As pointed out in episode 1, the unexpected death of Fred Dana in 1899 left the rancho physically and financially unable to sustain it self. This event forced Fred’s widow to sell to A.C. Fry who in turn sold to Lawrence Hourihan in 1902. It’s interesting to speculate the Adobe’s future had the rancho stayed in the Dana family.
The Hourihans were successful farmers on the rancho and basically enjoyed life on the Central Coast as many of us do today. However, their idyllic lifestyle came to an abrupt halt in 1906. Nathaniel Hartnell, the nephew of the treasurer of Monterey County, showed up at the rancho seeking employment. Mrs. Hourihan and her oldest daughter escorted Hartnell out to a harvesting operation. Without warning, Hartnell drew a revolver and shot the daughter, killing her, and then fled. After authorities were notified, riders were mounted and a couple of days later Hartnell was killed in the ensuing shoot-out. The reasons for his actions were never learned.
The Hourihans were so traumatized by this event that they left Nipomo. Their daughter Helen, however, decided to stay and they deeded the property to her. She soon married into the Grisingher family of Guadalupe. They lived on the property until 1916 at which time they took up residence in Guadalupe. They owned and farmed the property for the next 100 years. The adobe was never to be owner occupied again. It might be said that this tragedy eventually led to abandonment by the owners. Structures that are not owner occupied rarely get proper, if any, maintenance.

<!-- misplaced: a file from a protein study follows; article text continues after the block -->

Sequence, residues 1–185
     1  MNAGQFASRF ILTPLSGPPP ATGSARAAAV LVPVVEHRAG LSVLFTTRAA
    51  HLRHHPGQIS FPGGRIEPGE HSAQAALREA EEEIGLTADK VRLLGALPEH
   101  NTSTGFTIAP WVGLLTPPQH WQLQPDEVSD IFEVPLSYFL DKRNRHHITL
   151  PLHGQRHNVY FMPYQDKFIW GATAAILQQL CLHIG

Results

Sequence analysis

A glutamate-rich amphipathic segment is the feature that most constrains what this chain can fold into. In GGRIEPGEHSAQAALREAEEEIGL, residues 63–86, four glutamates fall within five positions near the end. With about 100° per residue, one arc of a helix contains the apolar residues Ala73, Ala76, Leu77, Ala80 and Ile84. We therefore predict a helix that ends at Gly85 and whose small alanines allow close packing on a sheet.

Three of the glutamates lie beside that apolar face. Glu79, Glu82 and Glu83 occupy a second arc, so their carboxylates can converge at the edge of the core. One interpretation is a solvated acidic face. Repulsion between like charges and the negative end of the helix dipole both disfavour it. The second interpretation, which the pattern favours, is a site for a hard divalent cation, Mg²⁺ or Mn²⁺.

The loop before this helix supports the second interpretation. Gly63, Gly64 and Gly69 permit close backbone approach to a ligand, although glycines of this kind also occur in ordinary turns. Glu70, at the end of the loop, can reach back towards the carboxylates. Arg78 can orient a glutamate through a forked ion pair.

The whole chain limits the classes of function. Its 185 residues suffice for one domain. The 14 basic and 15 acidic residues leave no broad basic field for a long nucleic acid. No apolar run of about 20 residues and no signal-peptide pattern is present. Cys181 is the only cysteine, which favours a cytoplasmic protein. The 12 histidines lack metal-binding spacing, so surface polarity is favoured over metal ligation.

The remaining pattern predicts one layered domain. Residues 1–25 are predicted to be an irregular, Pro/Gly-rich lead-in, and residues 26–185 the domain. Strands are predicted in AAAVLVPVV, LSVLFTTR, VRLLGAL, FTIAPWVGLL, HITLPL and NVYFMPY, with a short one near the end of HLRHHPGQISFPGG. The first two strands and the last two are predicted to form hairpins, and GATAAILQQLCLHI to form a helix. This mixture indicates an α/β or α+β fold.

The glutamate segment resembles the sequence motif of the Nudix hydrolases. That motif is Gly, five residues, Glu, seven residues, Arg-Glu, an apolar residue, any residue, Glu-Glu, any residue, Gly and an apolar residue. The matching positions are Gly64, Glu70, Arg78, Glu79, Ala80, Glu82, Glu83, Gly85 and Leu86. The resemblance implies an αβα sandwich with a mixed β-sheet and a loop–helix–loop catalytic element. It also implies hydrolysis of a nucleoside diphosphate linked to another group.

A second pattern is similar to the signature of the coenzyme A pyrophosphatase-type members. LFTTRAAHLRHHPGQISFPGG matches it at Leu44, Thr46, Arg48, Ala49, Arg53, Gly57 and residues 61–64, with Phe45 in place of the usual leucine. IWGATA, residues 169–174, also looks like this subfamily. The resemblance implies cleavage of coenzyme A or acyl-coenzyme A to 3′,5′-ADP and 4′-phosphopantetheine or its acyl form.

For the next 20 years the property was heavily farmed. In 1936 in the midst of the Great Depression, the adobe would benefit from one of Franklin Roosevelt’s new deal policies. It was called the Historic American Buildings Survey (H.A.B.S.Report). Its goal was to employ out of work surveyors, archeologists, photographers and other professionals to catalog historic buildings throughout the nation. The adobe was included and the information in these reports has been vital in today’s restoration process. They included detailed drawings and photographs of everything that was there in 1936. These reports are still on file at the Library of Congress in Washington DC. Information in the report also stated that the building was occupied by itinerant farm workers.
As the years rolled by the old building continued to deteriorate. A 1949 LA Times photo shows it in a terrible state of disrepair. Windows and doors boarded up, large sections of plaster falling off exposing adobe bricks to the elements. In the 40’s, 50’s and 60’s break-ins, looting and vandalism were common. Rumors of buried treasure prompted numerous hunts, digging up the grounds and adobe walls searching for gold. Vagrants burned original door and window frames for firewood. Eye witnesses have told me personally that if you were looking for a place to do something that you weren’t supposed to do, the Dana Adobe was the place to do it. Surely the old girl would not survive this abuse.